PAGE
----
Neighbors claim victory after Amazon abandons Rainier Valley warehouse plans

Seattle residents of the Rainier Valley cheered this weekend over news that Amazon will not build a new warehouse there.

The surprise news followed a year of controversy, after a developer closely associated with the company filed site plans with the city showing a warehouse at the site of the Lowe’s Home Improvement store.

The warehouse would have been two blocks from a light rail station – and right next to Franklin High School.

Travonna Thompson-Wiley works with a group called Creative Justice. She called for Amazon to pull the permit as proof that’s it’s truly scrapping the idea. She said this neighborhood is hurting and needs better opportunities than an Amazon warehouse provides.

“You know what our youth need? They need investments in programs with internships and apprenticeships. They need opportunities with funding their education. Instead of working at a shitty ass warehouse, making shitty ass minimum wage, and you’re literally scrapping and surviving. That’s what our youth don’t need.”

Related: Amazon faces opposition to possible warehouse near Seattle light rail station

Amazon has a pattern of putting warehouses in relatively lower-income communities, according to Kaveh Waddell, who wrote an investigative story on the topic for Consumer Reports in December of 2021, titled “When Amazon Expands, These Communities Pay the Price.”

caption: A building and land use preapplication proposes the demolition of the existing Lowes building, making room for a new distribution facility (identified in redacted text as a "delivery station building") surrounded by parking lots and vehicle staging areas. White redacted text at left obscures a reference to Amazon.

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“We looked at Amazon warehouses all across the country,” Waddell told KUOW.

He compared Amazon warehouse locations with census data and pollution data. He said air quality around warehouses is negatively impacted by all the traffic they bring. And he said that two out of three Amazon warehouses are in places with a higher percentage of people of color than their metro regions.

In the Seattle metro area, the ratio is 3:4, he said.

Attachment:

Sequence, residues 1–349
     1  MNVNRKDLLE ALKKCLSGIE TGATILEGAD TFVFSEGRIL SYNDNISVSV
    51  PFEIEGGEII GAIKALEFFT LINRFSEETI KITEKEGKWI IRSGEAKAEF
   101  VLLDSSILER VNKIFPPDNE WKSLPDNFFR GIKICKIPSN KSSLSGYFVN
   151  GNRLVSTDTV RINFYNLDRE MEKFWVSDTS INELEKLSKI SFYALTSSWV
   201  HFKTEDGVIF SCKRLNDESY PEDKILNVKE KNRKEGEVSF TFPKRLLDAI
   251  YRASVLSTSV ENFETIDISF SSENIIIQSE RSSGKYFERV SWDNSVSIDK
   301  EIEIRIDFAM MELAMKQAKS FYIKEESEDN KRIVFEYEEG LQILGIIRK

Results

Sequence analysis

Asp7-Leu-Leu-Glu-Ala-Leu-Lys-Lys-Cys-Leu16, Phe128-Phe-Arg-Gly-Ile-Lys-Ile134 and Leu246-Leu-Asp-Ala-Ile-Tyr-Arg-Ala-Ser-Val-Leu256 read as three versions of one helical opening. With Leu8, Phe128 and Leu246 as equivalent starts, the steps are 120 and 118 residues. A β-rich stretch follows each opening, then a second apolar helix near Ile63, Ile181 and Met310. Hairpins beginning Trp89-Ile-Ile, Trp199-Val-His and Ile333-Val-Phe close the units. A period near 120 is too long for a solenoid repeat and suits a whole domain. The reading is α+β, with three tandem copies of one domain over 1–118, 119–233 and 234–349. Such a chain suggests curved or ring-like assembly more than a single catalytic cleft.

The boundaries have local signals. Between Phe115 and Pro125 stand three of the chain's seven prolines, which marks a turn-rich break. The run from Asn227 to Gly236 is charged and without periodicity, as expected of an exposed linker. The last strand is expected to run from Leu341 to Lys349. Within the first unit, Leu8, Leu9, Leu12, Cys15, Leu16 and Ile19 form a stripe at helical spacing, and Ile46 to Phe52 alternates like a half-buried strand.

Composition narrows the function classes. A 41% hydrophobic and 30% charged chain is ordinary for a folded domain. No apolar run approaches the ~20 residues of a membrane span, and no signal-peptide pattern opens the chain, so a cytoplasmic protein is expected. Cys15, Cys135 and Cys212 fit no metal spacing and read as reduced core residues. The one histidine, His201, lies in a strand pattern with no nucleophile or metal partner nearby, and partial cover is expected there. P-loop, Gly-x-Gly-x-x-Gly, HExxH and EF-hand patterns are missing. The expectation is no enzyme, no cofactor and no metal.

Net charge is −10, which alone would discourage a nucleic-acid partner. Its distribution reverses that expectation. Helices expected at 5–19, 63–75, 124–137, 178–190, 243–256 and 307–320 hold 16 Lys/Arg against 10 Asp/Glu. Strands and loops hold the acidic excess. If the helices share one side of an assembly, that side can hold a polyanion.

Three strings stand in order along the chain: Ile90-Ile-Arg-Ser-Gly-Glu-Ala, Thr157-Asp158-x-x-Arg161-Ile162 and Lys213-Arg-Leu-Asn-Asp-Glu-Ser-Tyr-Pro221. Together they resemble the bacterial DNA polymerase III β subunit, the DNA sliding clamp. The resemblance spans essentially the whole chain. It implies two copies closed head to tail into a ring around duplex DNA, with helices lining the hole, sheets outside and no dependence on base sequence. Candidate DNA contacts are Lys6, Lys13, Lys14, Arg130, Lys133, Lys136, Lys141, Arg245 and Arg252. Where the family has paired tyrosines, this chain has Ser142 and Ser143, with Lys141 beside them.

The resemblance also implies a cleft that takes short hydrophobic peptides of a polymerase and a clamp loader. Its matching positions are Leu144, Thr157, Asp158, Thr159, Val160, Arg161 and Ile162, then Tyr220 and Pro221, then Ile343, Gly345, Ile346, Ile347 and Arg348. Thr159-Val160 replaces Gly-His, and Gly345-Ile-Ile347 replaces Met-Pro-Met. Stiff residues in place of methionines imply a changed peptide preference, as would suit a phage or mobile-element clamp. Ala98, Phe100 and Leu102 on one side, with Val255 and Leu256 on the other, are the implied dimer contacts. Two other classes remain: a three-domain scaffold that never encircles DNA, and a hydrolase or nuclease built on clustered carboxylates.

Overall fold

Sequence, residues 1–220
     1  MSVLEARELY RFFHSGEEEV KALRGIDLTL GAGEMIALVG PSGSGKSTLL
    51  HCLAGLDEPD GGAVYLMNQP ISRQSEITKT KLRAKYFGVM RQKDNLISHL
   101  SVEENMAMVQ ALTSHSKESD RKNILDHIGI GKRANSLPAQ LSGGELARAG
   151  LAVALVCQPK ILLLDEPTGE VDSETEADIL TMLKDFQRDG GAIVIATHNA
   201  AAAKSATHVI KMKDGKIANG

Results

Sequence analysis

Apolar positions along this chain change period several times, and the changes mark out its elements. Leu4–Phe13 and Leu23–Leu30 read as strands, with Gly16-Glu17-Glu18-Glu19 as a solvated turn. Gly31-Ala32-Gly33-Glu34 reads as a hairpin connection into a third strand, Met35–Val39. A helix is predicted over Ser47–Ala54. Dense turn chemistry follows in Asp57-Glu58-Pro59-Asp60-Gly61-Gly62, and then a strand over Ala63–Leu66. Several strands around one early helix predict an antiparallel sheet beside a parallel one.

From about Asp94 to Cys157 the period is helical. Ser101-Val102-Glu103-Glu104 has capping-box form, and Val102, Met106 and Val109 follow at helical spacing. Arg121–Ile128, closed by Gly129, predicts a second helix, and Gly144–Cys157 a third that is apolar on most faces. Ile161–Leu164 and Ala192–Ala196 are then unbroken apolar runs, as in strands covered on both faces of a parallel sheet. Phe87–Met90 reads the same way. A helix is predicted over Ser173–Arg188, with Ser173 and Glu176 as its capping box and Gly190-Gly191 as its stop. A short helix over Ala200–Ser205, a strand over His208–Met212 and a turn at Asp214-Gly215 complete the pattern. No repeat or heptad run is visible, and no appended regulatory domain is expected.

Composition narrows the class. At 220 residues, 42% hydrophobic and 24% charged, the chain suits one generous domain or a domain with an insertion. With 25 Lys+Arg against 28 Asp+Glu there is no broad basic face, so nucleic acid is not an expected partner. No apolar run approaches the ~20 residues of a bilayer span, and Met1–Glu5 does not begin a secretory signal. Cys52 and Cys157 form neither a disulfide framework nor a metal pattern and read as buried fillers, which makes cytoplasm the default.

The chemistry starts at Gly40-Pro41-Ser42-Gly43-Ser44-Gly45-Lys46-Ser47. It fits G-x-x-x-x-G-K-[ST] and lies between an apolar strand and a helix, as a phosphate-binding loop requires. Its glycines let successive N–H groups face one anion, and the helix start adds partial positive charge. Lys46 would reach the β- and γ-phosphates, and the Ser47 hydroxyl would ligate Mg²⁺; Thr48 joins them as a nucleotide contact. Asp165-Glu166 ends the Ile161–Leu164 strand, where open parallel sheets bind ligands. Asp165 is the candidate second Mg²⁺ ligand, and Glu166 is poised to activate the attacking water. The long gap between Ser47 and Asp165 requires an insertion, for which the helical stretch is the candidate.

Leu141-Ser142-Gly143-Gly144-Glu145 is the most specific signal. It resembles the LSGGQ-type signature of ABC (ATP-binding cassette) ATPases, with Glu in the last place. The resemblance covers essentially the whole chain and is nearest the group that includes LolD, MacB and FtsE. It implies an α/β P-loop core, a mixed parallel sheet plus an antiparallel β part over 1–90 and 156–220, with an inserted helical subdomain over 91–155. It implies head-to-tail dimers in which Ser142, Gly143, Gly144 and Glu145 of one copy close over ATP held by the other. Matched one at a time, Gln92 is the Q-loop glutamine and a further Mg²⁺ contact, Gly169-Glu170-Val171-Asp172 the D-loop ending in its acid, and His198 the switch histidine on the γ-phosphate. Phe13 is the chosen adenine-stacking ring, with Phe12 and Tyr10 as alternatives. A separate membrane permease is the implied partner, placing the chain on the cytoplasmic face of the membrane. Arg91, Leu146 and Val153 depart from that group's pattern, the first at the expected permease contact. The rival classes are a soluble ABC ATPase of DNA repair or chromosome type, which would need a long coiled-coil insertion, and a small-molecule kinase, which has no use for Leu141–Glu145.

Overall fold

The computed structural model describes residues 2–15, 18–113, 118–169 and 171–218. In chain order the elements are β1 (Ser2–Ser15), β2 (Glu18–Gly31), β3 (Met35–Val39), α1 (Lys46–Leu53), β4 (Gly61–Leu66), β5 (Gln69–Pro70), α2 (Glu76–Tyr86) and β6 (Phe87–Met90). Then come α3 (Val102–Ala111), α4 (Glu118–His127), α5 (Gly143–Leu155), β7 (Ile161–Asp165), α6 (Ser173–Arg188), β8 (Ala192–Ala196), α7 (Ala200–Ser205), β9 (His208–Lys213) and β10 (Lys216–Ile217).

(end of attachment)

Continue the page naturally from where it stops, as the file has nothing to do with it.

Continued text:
“As Amazon has increasingly pushed to get packages to the consumer faster and faster, you know, next day and then same day, they’ve been building these ‘last mile’ facilities,” Waddell said. These are warehouses that help get the package the last mile to your doorstep.

That kind of warehouse is much more likely to be in dense, urban areas. “And so that’s where you start butting up against residential areas that are going to be affected by the pollution emissions of these, and that’s when you start having these tradeoffs,” like missing the chance to build affordable housing on a huge property that’s just two blocks from the Mount Baker light rail station.

caption: Eliza Pan, a former Amazon employee, listens to speakers at a rally opposing the creation of an Amazon warehouse facility in Seattle's Mount Baker neighborhood on Saturday, July 23, 2022.

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Eliza Pan was an Amazon employee up until 2019. Her focus at Amazon was on ‘last mile’ delivery. But since then, she’s become an opponent of the company’s expansion plans.

“Amazon has done this in communities across the country,” she said on Saturday at a rally opposing the warehouse. “It often comes into neighborhoods quietly and secretly, and doesn’t show it’s actually developing a warehouse until it’s almost too late. And in this case, the community found out and started pushing back. And it wasn’t until Amazon heard…of this rally…this community letter, [that it decided], ‘We’ve got to change our plans here.’ And so the community has really won this victory.”

Behind the scenes: Twitter thread after Amazon breaks the news

Amazon tells the story differently.

Company spokesperson Alisa Carroll told KUOW the decision not to pursue a warehouse was part of a routine decision-making process.

She said the company often investigates several sites at a time, and makes adjustments as needs change.

She pointed to a blog post emphasizing the company’s investments in affordable housing, including one project near the Mount Baker light rail station.

There’s another reason Amazon may have changed its mind.

When sales took off during the pandemic, Amazon aggressively added more warehouses.

But then, online sales slowed down this spring.

Amazon then decided it had too much warehouse space and chose to put some warehouse projects on hold.

Article Source: KUOW